The original Bretton Woods system came into being at a conference of 44 nations beginning on July 1, 1944, in Bretton Woods, New Hampshire, convened on the initiative of U.S. President Franklin D. Roosevelt. On July 22, the group agreed to create an International Monetary Fund (IMF) and a Bank for Reconstruction and Development, later known as the World Bank. The main purpose of these institutions was to deal with the economic problems of the European countries that had been devastated by war. They began to function in early 1945, as World War II was nearing its end.
1. The core of the new system was the arrangement for fixed currency parities, which would make it possible to revive world trade. The value of the dollar was pegged to a specific weight of gold, and, until the end of the 1960s, it functioned as the accepted substitute for gold. Exchange rates of other currencies were to be changed in relation to the dollar or gold, only as a measure of last resort, after national policy measures had been exhausted. Long-term investment and trade could thus be undertaken on a stable currency background, and risk of dramatic currency losses and speculation was nonexistent at that time.
From the beginning, however, there were clashes between the "free-trade" colonial policies of the British delegation, and the concepts of President Roosevelt, who had told Britain's Sir Winston Churchill as early as 1941 that the United States was not going to fight the war in order to restore Britain's colonies. After Roosevelt's death, unfortunately, his understanding of postwar economic policy was abandoned by successive Presidents (with the exception of John F. Kennedy), and the IMF and World Bank increasingly came to play the role of instruments of neo-colonial looting, on behalf of the British-based financier oligarchy. When President Nixon finally took the dollar off its gold backing in 1971, the Bretton Woods system became defunct.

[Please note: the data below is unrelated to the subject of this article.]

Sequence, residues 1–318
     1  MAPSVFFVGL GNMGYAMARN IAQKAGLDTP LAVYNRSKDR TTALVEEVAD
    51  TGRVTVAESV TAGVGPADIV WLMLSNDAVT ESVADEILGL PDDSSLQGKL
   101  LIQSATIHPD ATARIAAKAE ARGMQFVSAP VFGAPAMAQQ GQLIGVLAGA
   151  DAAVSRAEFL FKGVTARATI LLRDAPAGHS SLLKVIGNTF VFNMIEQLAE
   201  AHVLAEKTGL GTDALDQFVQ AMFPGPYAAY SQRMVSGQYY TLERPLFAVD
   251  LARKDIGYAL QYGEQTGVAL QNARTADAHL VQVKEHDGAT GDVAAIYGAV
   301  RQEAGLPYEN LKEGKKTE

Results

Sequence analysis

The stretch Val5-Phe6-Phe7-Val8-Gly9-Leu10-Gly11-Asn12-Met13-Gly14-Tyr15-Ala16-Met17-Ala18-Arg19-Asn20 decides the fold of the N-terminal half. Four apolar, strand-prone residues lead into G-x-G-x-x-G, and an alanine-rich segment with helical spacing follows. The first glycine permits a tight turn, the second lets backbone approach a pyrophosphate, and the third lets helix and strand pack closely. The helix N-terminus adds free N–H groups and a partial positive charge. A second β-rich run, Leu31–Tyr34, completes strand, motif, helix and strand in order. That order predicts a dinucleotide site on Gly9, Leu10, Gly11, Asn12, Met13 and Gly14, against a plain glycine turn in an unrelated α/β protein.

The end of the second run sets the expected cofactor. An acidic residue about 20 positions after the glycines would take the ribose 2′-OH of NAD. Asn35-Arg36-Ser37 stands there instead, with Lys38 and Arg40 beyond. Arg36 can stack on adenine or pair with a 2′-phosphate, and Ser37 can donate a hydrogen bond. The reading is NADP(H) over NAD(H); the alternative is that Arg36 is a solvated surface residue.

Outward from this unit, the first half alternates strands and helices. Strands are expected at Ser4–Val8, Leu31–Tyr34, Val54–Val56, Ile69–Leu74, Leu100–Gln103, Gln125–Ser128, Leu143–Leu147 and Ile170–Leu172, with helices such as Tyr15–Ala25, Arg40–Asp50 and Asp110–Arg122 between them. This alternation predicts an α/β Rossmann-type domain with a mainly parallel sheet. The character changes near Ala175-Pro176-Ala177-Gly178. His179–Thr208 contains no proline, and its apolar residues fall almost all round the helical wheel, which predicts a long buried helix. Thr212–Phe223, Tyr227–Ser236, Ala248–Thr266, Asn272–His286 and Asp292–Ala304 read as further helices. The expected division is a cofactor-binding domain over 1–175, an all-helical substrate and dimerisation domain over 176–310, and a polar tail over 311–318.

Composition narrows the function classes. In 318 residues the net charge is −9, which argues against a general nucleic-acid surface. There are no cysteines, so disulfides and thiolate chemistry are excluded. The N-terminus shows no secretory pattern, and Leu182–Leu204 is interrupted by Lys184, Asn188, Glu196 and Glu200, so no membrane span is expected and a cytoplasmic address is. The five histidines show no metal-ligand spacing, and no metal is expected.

In calling for a New Bretton Woods, Lyndon H. LaRouche, Jr. has specified five steps that must be taken today:
1. Governments must not attempt to bail out the speculators. Let the derivatives market and other paper values collapse as they may: it's only paper! The only necessary action of government on this account, is to protect people, productive enterprise, and useful trade in hard commodities and science-related services.
2. The credit and issued public Treasury debt of national governments must be protected at all costs; otherwise, the necessary measures of economic recovery and growth would not be possible.
3. There must be no mass evictions, or breaks in continuity of operations of essential production and distribution of goods and essential services. During the 1929-31 Depression, terrible blunders were imposed upon the Hoover administration by Andrew Mellon et al. This must not be repeated today, in any country.
4. The President of the United States must act in concert with other governments, to put the existing financial and monetary system into bankruptcy, and to put a new world monetary system into place.
5. A global recovery program must be adopted to foster immediate recovery in world hard-commodity trade, and to provide an urgently wanted general stimulant for the private economies of the participating nations. The core of such a recovery program is the Eurasian Land-Bridge, creating corridors of high-technology infrastructural and industrial development, with "spiral arms" extending to Africa and the Americas.
1. See William Engdahl, "What the Bretton Woods System Really Was Designed to Do," EIR, Aug. 15, 1997.
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